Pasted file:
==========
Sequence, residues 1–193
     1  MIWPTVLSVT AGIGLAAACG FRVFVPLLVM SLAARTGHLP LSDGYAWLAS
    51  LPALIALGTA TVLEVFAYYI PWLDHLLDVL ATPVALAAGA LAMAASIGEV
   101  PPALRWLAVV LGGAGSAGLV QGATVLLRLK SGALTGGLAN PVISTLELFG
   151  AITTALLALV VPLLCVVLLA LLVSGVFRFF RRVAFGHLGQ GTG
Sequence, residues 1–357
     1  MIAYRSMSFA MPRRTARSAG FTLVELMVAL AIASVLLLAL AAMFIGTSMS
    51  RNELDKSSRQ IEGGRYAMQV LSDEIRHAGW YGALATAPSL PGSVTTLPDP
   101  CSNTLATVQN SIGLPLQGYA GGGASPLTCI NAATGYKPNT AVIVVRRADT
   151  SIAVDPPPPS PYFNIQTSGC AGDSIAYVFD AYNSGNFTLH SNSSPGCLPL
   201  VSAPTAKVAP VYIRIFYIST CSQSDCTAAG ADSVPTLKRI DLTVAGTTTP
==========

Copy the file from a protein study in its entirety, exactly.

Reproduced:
Sequence, residues 1–193
     1  MIWPTVLSVT AGIGLAAACG FRVFVPLLVM SLAARTGHLP LSDGYAWLAS
    51  LPALIALGTA TVLEVFAYYI PWLDHLLDVL ATPVALAAGA LAMAASIGEV
   101  PPALRWLAVV LGGAGSAGLV QGATVLLRLK SGALTGGLAN PVISTLELFG
   151  AITTALLALV VPLLCVVLLA LLVSGVFRFF RRVAFGHLGQ GTG
Sequence, residues 1–357
     1  MIAYRSMSFA MPRRTARSAG FTLVELMVAL AIASVLLLAL AAMFIGTSMS
    51  RNELDKSSRQ IEGGRYAMQV LSDEIRHAGW YGALATAPSL PGSVTTLPDP
   101  CSNTLATVQN SIGLPLQGYA GGGASPLTCI NAATGYKPNT AVIVVRRADT
   151  SIAVDPPPPS PYFNIQTSGC AGDSIAYVFD AYNSGNFTLH SNSSPGCLPL
   201  VSAPTAKVAP VYIRIFYIST CSQSDCTAAG ADSVPTLKRI DLTVAGTTTP